In the midst of the training camp for a pivotal fight in his career, Josh Samman took a few days off.
It wasn’t his trip outside the country, where he spent two weeks helping former Ultimate Fighter cast mate Luke Barnatt prepare for a bout in Europe and then visited family in Israel.
This was different, as he traveled to Brockport, New York to work with a new set of training partners.
“I saw this thing on HBO about six months ago for this place called Camp Abilities up in New York and I reached out to the program director and I told her I wanted to help and be a part of it,” he said.
The HBO Real Sports segment profiled the one-week sports camp for children and teenagers who are blind or visually impaired, and Samman was immediately taken in by the stories of the camp participants. Upon further research, he noticed that there was a hole in their program.
“I looked at their curriculum and I didn’t see any martial arts at all,” he said. Fast forward, and Samman had a date with some eager kids in upstate New York. In the middle of his training camp for tonight’s bout against Tim Boetsch. It’s something that didn’t go over too well with his coaches.
“They weren’t ecstatic about it, but they understand that I need things like this in my life and I always stay involved in different communities,” he said. “And while I don’t live in New York, this is something that I really felt compelled by and I wanted to be a part of, so there wasn’t any going back after I already agreed to it. This isn’t something that came out of the blue. It’s something that I gave my word that I’d be a part of and it just so happened that I got scheduled to fight two weeks afterwards.”
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Needless to say, Samman and the campers hit it off immediately as he showed them the basics of wrestling and jiu-jitsu.
“I didn’t have them punching and kicking each other; they were just learning simple techniques so that hopefully maybe one or two or a half-dozen will go back home and
say that they want to get involved in wrestling and it can serve to empower these children and give them hope in the competitive world of athletics.”
At breakfast on Samman’s second day, one of the campers shared how excited he was for wrestling after his first practice, and it was moments like this that meant the most to the 28-year-old middleweight.
“One kid was already on his wrestling team back home, some had never been on the mat before,” he said. “It was incredibly challenging, but equally rewarding and gratifying, and the response has been great. It’s a pretty cool feeling.”
It’s not surprising that Samman would decide to do something like this – and in the middle of training camp, no less. The Tallahassee resident doesn’t operate like his peers in the fight game, or like anyone else for that matter. The result has been a life worthy of being chronicled in a memoir, and it has been in the form of his book “The Housekeeper: Love, Death & Prizefighting.”
One read and you will know who Josh Samman is. As such, when you see him visiting these children at Camp Abilities and knowing the previous heartbreak and tragedy he’s lived through, it’s easy to wonder how he manages it all, especially when dealing with children who have been given challenges most of us wouldn’t know what to do with.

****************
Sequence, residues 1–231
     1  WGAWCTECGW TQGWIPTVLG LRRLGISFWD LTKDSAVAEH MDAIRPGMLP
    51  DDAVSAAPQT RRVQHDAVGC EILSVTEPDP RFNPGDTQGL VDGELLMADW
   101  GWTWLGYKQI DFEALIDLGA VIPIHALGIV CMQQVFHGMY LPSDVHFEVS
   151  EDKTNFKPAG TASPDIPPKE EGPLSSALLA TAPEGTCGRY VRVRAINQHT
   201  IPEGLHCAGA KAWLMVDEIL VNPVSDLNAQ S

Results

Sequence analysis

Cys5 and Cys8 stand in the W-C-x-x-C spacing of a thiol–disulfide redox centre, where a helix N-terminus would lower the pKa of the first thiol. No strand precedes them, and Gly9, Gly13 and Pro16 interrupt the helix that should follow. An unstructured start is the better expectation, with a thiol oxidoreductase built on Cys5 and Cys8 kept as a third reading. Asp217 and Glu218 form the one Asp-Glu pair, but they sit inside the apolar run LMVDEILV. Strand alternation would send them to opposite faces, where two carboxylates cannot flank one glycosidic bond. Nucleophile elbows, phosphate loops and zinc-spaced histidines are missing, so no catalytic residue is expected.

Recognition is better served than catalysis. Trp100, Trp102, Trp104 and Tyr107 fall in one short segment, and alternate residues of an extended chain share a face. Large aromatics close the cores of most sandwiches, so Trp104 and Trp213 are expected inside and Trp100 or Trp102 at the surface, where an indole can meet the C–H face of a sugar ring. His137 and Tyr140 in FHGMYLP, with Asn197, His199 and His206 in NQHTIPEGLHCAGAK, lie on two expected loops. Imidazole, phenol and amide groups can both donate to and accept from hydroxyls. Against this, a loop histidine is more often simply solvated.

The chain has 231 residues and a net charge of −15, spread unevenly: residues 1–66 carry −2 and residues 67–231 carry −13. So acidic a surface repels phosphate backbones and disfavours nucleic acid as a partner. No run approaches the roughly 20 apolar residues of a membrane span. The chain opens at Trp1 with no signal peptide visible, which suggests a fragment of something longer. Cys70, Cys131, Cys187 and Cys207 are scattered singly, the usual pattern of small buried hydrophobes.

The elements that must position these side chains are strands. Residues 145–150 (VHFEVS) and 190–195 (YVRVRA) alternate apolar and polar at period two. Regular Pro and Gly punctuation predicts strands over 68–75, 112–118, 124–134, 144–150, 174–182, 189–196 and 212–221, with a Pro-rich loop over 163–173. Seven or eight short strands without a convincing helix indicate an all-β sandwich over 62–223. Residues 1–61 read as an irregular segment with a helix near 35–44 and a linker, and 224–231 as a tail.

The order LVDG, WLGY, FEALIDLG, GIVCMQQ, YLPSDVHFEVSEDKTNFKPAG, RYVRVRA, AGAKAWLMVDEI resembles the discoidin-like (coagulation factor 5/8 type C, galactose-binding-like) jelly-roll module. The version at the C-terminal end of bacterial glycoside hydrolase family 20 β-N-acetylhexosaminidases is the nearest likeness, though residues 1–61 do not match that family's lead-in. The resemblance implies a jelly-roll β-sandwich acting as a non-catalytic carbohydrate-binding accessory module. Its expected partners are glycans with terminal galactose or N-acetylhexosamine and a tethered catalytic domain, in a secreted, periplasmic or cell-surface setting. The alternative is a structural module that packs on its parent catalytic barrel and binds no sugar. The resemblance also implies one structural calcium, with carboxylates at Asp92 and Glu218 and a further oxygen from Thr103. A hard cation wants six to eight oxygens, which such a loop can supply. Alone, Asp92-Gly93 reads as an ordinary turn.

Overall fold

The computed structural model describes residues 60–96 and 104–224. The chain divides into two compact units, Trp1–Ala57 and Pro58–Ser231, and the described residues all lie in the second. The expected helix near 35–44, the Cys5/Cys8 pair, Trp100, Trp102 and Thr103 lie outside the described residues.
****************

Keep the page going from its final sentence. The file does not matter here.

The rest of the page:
“I definitely have moments where I struggle, and there are good days and bad days, but I’m healthy and I’m functional, and when I’m doing stuff like this, it helps gives me perspective,” Samman explains. “Sometimes we are dealt crappy hands, and you just have to make the best of it. Not that these kids are any more or less fortunate than I am, because everyone has their battles and stuff that they go through, but it’s just about the perspective that you keep and making sure that you’re making the best of every situation. There are children here that can’t see, that can’t get around without a cane or without a guide, and they’re still walking around smiling all day, laughing, playing and living a happy life. So it’s not just them learning from me, it’s me learning from them as well.”
But what of Tim Boetsch? Entering tonight’s fight, “The Barbarian” has lost three in a row and is hungry to keep his career alive with a win. Samman is coming off the first loss of his UFC career against Tamdan McCrory in December. This is a crossroads fight of the highest order, and if you’re Boetsch, you may look at Samman’s Twitter feed and the pictures of his travels and wonder if he’s committed to this fight and the fight game.
He is. More than ever. But in his own way.
“People ask me this often - how do you juggle all these things that you do? And for me, the answer is that when it comes fight time, the fight is the most important thing,” Samman said. “It's the thing that's always on my mind. But the whole fact of the matter is, I can't let mixed martial arts get in the way of me living life. And so if I have trips or community events planned, I need those things in my life and I have to have those things in my life to be happy. Fighting is another function of keeping me happy and keeping me satisfied, but I can't put all my eggs in one basket anymore because the moment that it's taken away, then what am I gonna be left with? So I try to plant seeds and dig roots in other areas of life, so that when this fighting thing is over, I'm not lost, wondering what I'm going to do, because fighting is going to be over one day.”
Tonight though, Josh Samman fights.